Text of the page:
nep-hme New Economics Papers
on Heterodox Microeconomics
Issue of 2014‒01‒17
nine papers chosen by
Frederic S. Lee
University of Missouri-Kansas City

  1. The Problem of Methodological Pluralism in Ecological Economics By Lo, Alex
  2. External Influence as an Indicator of Scholarly Importance By Ho Fai Chan; Bruno S. Frey; Jana Gallus; Markus Schaffner; Benno Torgler; Stephen Whyte
  3. Input-output-based measures of systemic importance By Aldasoro, Iñaki; Angeloni, Ignazio
  4. Revisiting gender mainstreaming in international development.Goodbye to an illusionary strategy By Brouwers, R.
  5. EEthics, Equity and the Economics of Climate Change. Paper 1: Science and Philosophy By Nicholas Stern
  6. Approaches to well-being, use of psychology and paternalism in economics By Collewet, Marion
  7. Schumpeter's Theological Roots? Harnack and the origins of creative destruction By Paul Nightingale
  8. Border Studies By Donzelli, S.
  9. The new stage of the state’s concept evolution: example of Russia By Alexander Rakviashvili

  1. By: Lo, Alex
    Abstract: Methodological pluralism advocates balanced consideration of multiple research methods. The concept rests upon the necessity of choice in the absence of conclusive principles to guide the preference of method. Ecological economics, however, appears to be engaging in a different conception creating confusion as to the scope for intellectual openness. This paper offers clarifications for this concept and a critique. Ecological economics advances a coherent theory crafted along its biophysical worldview and moral commitments. These imperatives guide the choice of method and favour a reduced range of methodological possibilities to the exclusion of neoclassical economic options. If ecological economics is seen as an ideological opposite of neoclassical economics, it would need a selective methodological strategy rather than maintaining methodological diversity. Maintaining diversity may erode the basis of its heterodox criticisms by requiring openness to the orthodox alternatives. Ecological economics has shown difficulty in sustaining its long-standing pluralist commitments while increasingly seeking clear differentiation from its monolithic “enemy”.
    Keywords: Methodological pluralism; methodological diversity; value pluralism; ecological economics; neoclassical economics.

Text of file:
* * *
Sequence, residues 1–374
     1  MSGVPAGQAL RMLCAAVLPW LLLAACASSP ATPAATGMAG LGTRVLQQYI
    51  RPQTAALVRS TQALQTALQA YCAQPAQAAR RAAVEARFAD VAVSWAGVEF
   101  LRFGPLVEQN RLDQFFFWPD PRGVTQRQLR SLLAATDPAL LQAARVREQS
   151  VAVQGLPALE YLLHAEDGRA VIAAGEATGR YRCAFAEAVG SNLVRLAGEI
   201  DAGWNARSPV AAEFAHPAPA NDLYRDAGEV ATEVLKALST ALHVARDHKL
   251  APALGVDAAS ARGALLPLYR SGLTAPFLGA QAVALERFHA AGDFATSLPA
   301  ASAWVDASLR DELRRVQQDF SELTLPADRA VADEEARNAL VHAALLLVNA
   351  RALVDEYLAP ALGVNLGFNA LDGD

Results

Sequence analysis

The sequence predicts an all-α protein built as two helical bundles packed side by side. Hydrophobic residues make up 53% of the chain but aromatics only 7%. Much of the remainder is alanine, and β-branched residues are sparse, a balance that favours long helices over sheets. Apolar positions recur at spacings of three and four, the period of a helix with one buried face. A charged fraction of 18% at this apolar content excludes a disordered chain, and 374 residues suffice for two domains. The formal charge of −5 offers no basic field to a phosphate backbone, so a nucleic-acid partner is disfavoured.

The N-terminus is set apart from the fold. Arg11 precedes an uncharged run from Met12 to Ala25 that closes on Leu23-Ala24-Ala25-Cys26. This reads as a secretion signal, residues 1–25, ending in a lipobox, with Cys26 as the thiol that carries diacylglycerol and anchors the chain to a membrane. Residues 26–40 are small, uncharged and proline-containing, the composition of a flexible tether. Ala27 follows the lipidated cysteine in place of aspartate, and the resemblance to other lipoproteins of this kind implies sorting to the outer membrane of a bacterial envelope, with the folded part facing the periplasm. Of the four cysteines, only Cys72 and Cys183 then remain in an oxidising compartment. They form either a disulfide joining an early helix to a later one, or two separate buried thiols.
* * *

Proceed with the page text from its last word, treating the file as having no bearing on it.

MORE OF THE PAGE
JEL: B40 Q57
    Date: 2014–01–12
  2. By: Ho Fai Chan (Queensland Behavioural Economics Group (QuBE), School of Economics and Finance, Queensland University of Technology); Bruno S. Frey (Warwick Business School, University of Warwick and Department of Economics, Zeppelin University and CREMA); Jana Gallus (Department of Economics, University of Zurich); Markus Schaffner (Queensland Behavioural Economics Group (QuBE), School of Economics and Finance, Queensland University of Technology); Benno Torgler (Queensland Behavioural Economics Group (QuBE), School of Economics and Finance, Queensland University of Technology, and EBS Business School, ISBS, EBS Universität für Wirtschaft and CREMA); Stephen Whyte (Queensland Behavioural Economics Group (QuBE), School of Economics and Finance, Queensland University of Technology)
    Abstract: The external influence of scholarly activity has to date been measured primarily in terms of publications and citations, metrics that also dominate the promotion and grant processes. Yet the array of scholarly activities visible to the outside world are far more extensive and recently developed technologies allow broader and more accurate measurement of their influence on the wider societal discourse. Accordingly we analyze the relation between the internal and external influences of 723 top economics scholars using the number of pages indexed by Google and Bing as a measure of their external influence. Although the correlation between internal and external influence is low overall, it is highest among recipients of major key awards such as the Nobel Prize or John Bates Clark medal, and particularly strong for those ranked among the top 100 researchers.
    Keywords: Academia, Scholarly Importance, Role of Economics, Social Importance of Economists, External and Internal Influence, Academic Performance, Awards
    JEL: A11 A13 Z18 Z19
    Date: 2013–10
  3. By: Aldasoro, Iñaki; Angeloni, Ignazio
    Abstract: The analyses of intersectoral linkages of Leontief (1941) and Hirschman (1958) provide a natural way to study the transmission of risk among interconnected banks and to measure their systemic importance. In this paper we show how classic input-output analysis can be applied to banking and how to derive six indicators that capture different aspects of systemic importance, using a simple numerical example for illustration. We also discuss the relationship with other approaches, most notably network centrality measures, both formally and by means of a simulated network. --
    Keywords: banks,input-output,systemic risk,too-interconnected-to-fail,networks,interbank markets
    JEL: C67 G00 G01 G20
    Date: 2013
  4. By: Brouwers, R.